Anton BRUCKNER (1824-1896)
Symphony No. 1 in C minor (Vienna version 1891)
Philharmonie Festiva/Gerd Schaller
rec. live, 26 May 2019, Regentenbau, Bad Kissingen
PROFIL PH19084 [50:30]
This account of Bruckner’s First Symphony is really very different from Gerd Schaller’s previous recording eight years ago, for reasons of both version and venue: that 2011 performance was of William Carragan’s reconstruction of the original 1866 version and recorded in the grand, reverberant space of the Abteikirche in Ebrach; this latest one is of Bruckner’s revision of the score made a quarter of a century later and performed in the much cleaner, clearer acoustic of the Regentenbau.
This so-called “Vienna version” – the revision was first performed there – was reviled by Robert Simpson as fussy, cluttered and overworked; he finds Bruckner guilty of creating incongruity by overlaying the simplicity of his youthful inspiration with the stylistic complexity of his later symphonies. Furthermore, the time Bruckner spent reworking it is resented by Brucknerians who wish he had devoted his energies to completing the Ninth instead of needlessly tinkering with an old score. Despite having already made some alterations in 1877 and 1884, Bruckner wanted to implement some further “Verbesserungen” (improvements), especially in the orchestration and he was pleased with the results: “Besser kann I’s Beserl nimmer instrumentier’n” – “I couldn’t have orchestrated the Wench better.” The questions of whether the score needed it and whether the conflation of the youthful and mature Bruckner in the symphony’s reincarnation is a happy one remain debatable, but both the composer and the conductor here clearly liked it and I can attest to having thoroughly enjoyed the live performance last May, as did the audience.
This was invariably the version of the symphony performed before the publication of the so-called “Linz version” which Schaller has already recorded. That score is certainly lighter and more transparent, but eminent conductors such as Wand and Abbado (in Lucerne) continued to find merit in, and perform, the later version and both the acoustic of hall mentioned above and Schaller’s manner in this performance certainly help to offset any undue congestion and to balance the element of discursiveness which some find to be inherent to the structure of the finale. Indeed, the two things which immediately struck me as I first listened to the martial opening were the richness of the recorded sound, even though we tend to take good engineering for granted these days, and the sonority of the playing. Schaller has a gift for maintaining good balance and linear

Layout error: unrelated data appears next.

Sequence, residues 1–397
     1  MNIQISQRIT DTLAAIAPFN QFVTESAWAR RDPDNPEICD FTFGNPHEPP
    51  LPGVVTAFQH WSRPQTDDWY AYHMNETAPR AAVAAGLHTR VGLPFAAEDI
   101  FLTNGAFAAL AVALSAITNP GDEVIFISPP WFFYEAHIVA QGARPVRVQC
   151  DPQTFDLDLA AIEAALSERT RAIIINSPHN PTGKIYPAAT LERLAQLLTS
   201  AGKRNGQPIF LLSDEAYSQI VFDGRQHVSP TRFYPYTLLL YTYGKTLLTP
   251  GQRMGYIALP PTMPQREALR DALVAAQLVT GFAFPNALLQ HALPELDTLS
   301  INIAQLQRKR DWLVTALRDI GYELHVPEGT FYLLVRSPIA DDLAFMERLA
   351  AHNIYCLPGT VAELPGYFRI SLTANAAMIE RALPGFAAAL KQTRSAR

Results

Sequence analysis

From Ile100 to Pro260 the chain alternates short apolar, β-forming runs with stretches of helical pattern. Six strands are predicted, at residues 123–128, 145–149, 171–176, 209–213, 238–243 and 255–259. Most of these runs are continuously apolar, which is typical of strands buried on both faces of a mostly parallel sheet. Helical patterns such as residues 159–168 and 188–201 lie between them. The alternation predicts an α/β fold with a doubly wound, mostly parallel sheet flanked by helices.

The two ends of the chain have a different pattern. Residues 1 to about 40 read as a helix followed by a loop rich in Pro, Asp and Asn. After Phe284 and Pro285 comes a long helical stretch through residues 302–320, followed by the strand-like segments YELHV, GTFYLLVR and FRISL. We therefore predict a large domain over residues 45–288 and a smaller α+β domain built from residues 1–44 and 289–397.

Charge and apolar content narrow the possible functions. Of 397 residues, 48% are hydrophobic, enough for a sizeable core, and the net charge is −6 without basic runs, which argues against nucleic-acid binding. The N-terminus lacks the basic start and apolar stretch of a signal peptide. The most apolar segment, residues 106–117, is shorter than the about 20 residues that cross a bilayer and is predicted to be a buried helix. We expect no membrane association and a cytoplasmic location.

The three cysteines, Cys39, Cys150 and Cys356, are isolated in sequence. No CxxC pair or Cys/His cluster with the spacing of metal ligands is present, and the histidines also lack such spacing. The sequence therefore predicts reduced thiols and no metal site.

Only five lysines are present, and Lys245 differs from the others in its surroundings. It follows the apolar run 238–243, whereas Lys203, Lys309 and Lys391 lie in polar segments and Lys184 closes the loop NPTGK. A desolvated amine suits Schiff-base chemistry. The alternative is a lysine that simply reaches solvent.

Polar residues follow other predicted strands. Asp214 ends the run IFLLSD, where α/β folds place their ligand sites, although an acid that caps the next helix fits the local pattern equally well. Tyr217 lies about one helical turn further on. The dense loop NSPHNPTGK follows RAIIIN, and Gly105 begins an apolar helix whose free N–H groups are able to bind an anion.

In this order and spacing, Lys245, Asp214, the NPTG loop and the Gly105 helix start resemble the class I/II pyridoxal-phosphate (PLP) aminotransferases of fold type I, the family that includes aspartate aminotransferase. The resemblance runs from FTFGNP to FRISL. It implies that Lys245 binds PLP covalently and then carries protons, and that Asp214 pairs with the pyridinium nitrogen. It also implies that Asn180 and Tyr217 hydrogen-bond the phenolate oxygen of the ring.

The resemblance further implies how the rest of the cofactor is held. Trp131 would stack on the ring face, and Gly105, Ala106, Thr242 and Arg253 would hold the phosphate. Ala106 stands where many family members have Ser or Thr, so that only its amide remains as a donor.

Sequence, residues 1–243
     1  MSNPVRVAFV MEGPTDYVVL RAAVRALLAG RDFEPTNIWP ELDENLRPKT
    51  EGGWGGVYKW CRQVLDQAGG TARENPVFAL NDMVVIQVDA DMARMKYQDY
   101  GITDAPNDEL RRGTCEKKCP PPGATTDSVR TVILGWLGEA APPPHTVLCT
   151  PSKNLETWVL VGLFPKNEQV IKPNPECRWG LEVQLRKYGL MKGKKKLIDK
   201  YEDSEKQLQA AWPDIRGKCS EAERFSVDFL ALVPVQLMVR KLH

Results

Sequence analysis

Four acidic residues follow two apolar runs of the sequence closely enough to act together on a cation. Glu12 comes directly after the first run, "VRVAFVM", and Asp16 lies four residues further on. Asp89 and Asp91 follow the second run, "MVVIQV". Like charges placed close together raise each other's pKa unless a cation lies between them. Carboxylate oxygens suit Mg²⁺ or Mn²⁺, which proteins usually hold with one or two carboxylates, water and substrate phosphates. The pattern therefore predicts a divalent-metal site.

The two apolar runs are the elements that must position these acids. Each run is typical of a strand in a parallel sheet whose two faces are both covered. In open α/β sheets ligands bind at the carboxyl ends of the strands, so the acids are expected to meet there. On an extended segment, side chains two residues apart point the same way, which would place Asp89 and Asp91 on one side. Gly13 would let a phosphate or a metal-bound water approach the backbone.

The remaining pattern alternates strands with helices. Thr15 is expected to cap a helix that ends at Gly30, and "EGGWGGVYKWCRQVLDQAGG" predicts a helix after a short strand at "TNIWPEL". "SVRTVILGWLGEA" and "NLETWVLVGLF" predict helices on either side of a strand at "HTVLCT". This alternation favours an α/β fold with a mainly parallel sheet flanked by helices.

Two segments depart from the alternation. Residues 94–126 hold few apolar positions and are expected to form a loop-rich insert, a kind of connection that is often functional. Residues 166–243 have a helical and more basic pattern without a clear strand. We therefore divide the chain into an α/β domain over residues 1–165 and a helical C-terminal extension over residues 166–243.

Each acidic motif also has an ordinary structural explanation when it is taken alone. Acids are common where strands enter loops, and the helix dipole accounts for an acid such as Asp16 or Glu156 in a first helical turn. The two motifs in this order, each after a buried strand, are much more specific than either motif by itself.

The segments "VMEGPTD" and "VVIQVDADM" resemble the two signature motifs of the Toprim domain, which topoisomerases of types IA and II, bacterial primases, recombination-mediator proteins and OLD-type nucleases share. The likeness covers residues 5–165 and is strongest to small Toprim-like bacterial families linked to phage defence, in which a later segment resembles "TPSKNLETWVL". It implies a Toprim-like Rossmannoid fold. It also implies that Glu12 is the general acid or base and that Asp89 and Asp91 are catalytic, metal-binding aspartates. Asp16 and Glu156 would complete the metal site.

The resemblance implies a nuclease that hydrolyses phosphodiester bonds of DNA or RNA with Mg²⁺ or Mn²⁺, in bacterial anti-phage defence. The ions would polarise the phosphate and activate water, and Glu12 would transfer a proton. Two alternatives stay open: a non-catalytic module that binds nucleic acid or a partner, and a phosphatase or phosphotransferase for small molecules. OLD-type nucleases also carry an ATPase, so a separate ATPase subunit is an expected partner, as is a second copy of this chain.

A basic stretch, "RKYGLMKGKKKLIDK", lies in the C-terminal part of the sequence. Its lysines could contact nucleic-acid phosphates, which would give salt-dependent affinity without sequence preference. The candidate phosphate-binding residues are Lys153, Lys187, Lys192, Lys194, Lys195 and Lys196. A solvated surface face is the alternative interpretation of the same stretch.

continuity in orchestras under his command, but despite the textural clarity of this performance, his insistence upon lending extra weight to proceedings is such that the symphony seems less of a youthful effusion and more a precursor to Bruckner’s mature masterpieces. He also has soloist musicians of the highest calibre; the horn and flute solos in particular are superb. Careful gradation of the dynamics of the long crescendo leading up to the climax of the third subject in the first movement means that it packs even more punch. This, in combination with the heft of orchestral tone and the menace of that opening march, renders Bruckner’s nickname for his symphony of “Saucy Wench” even more incomprehensible – or perhaps even more overtly ironic.
As in Schaller’s previous recording of the First, the Adagio is exceptionally spacious, free-flowing and lyrical; he finds the spaciousness and nobility which Abbado misses in his 1969 recording of the Linz version and which Karajan, too, captures so triumphantly. There is some lovely string playing in the arpeggiated section leading up to a very satisfying climax underscored by the brass and the closing bars are suffused with a dreamy serenity. The contrast between that ethereal conclusion and the ensuing demonic, pounding Scherzo – so typical of Bruckner and predictive of the nature of that movement in his subsequent symphonies – could hardly be greater, but both are linked by the weightiness Schaller deliberately imparts to them. That bite carries over into the opening, syncopated, dotted-rhythm phrases of the finale, whose obsessive, repeated restatement of that same rhythmic figure throughout the development can result in a sense of incoherence, but Schaller is undaunted and manages to confer a sense of purpose and unity upon the movement, building to a thrilling and wholly convincing C major peroration.
This might not be everyone’s favourite version of Bruckner’s First Symphony, but the very least that might be said of this splendid recording is that it makes the strongest possible case for its consideration – or even its rehabilitation.